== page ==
Nigel Jacob, Urban Technologist-in-Residence at Living Cities and convener of its City Accelerator initiative, speaks at Lipscomb University's Collaboration 101 conference about leading examples of urban innovation that relied on collaboration and the emerging practice of collective impact to improve the lives of low-income residents.
Jacob is scheduled to speak at 1:50 Eastern/ 12:50 Central/ 10:50 Pacific on Tuesday, October 21.
At 1:50 p.m., former POY and leader of the City Accelerator initiative Nigel Jacob will discuss urban innovations to help the poor.
In a truly stunning speech this summer, former Republican vice presidential candidate Rep. Paul Ryan of Wisconsin declared war on the “War on Poverty.” The strategy he offered up is fascinating and thoughtful, and it captures just how much the nation has changed since Lyndon B. Johnson first declared that war 50 years ago.
The plan Ryan proposed gives states the option of combining up to 11 federal grant programs, including food stamps, welfare and housing aid, into a single block grant. States would be given a lot of flexibility in figuring out how best to spend the money; their only objective would be getting clients from welfare to work. The feds, in return, would pledge not to cut funding.
I recently completed a one-week white water rafting trip down the Middle Fork of the Salmon River in Idaho, an experience that was both exhilarating and terrifying. It wasn’t just the Class IV rapids that held my intense interest, though. It also was my fellow rafters -- 16 of them, almost all of whom knew one another. Unlike most of these expeditions, this one was all amateur, meaning there were no professional guides from some outfitter, just rented rafts, huge coolers, a camp stove and, yes, a port-a-potty. You brought your own tent and sleeping bag.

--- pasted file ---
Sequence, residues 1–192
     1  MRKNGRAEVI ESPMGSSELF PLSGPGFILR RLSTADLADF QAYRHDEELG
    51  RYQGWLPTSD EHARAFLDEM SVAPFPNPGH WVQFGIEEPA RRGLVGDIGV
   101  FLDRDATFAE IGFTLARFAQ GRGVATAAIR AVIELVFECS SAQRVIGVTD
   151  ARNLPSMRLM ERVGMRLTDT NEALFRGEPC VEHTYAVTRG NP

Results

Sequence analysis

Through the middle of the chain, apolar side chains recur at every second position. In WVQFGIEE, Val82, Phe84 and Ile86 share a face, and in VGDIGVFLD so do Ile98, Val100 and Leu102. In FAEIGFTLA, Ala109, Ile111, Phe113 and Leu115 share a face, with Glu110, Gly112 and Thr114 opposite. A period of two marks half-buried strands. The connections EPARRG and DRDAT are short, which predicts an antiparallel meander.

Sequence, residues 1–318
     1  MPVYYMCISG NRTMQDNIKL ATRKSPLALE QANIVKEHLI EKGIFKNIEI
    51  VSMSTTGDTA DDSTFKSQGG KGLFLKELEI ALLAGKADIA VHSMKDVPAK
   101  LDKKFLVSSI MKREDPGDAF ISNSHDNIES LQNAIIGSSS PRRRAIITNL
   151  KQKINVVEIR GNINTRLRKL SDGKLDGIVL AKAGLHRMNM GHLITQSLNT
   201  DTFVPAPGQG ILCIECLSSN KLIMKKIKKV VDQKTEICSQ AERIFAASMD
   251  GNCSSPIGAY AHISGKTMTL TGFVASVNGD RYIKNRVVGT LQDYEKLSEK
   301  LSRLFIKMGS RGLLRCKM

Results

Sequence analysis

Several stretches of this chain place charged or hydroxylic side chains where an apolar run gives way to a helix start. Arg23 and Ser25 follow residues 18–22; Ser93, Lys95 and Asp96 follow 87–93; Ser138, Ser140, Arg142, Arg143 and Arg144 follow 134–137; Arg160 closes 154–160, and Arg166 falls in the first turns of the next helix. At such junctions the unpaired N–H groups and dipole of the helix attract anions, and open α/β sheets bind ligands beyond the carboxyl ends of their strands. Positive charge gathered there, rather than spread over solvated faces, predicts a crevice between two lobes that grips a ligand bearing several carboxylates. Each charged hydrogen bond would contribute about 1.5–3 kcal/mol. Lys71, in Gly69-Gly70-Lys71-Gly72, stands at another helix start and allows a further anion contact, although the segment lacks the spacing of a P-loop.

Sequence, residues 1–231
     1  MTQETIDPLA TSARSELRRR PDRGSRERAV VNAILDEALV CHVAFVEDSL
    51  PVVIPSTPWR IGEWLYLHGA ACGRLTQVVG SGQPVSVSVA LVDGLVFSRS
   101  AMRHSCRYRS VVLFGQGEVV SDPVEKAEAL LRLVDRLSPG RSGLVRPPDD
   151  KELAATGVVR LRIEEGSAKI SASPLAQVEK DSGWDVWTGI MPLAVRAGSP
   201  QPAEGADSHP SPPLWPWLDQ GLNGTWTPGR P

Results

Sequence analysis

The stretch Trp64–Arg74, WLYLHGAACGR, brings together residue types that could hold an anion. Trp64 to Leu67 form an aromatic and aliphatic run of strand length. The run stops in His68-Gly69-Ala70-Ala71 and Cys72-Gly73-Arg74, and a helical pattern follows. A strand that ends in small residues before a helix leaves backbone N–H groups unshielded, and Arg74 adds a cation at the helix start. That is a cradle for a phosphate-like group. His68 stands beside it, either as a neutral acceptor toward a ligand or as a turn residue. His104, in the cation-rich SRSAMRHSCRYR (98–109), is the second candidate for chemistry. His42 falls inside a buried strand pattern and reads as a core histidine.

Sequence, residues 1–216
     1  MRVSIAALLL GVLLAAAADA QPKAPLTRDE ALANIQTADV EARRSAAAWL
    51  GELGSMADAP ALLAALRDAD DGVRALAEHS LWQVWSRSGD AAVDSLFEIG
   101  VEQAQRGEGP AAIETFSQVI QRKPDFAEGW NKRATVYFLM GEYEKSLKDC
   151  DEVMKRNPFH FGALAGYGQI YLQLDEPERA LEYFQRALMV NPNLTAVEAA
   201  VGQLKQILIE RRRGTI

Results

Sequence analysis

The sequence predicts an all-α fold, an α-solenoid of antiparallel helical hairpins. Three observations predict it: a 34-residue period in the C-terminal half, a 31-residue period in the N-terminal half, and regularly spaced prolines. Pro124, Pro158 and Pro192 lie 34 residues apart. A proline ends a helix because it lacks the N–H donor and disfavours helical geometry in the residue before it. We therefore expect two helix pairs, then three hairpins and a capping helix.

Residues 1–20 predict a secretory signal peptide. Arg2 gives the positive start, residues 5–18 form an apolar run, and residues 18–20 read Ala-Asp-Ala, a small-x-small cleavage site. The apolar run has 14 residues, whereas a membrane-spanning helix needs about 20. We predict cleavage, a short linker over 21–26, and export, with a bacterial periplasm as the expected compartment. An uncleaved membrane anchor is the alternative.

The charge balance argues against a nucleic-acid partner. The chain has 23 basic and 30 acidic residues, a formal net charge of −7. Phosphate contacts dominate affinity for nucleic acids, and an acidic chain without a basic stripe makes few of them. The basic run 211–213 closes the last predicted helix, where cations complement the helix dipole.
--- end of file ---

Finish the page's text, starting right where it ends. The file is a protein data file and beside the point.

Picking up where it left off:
I was especially impressed by three fellows -- a lawyer, an astrophysicist (or “chaos scientist,” as he called himself) and a senior pilot with United Airlines. The three were very capable river guides who could maneuver the 16-foot rafts down roaring rapids with great skill; all three were also associated with a consulting firm that contracts with NASA to help develop something I only vaguely knew of called NextGen, a joint multiagency and industry initiative to overhaul the nation’s air traffic control system.
Imagine this scenario: Managers feel intense pressure from senior officials to demonstrate they’re meeting tough performance targets. They push hard on front-line workers to massage the numbers to demonstrate progress. But then stories leak out that managers have been sweeping problems under the rug by misreporting performance numbers. The top dog suddenly finds himself in a harsh spotlight.
For me, the problem with water has gotten personal. Along with other fishermen last fall in northwest Michigan (where my wife and I live part of the year), I watched in near-horror as thousands of salmon struggled to swim up the Betsie River to spawn, only to beach themselves on sand bars because the water levels were so low -- almost three feet below normal. The state’s Department of Natural Resources closed down a number of popular fishing areas and started dredging canals near the mouths of some rivers in an effort to allow the fish to swim upriver.
This fall, the good news is that things should be much better, thanks to a very cold winter that froze over the lake for the first time in decades -- reducing evaporation -- and a snowfall that was 40 to 50 inches above normal.
It didn’t take long after the tragedy of the Oso, Wash., March mudslide for everyone to wonder: Should local officials have done more to prevent people from building in harm’s way?
The local emergency management director, John Pennington, was grief-stricken. “We did everything we could,” he told reporters. He added, “Sometimes big events just happen. Sometimes large events that nobody sees happen. And this just happened.”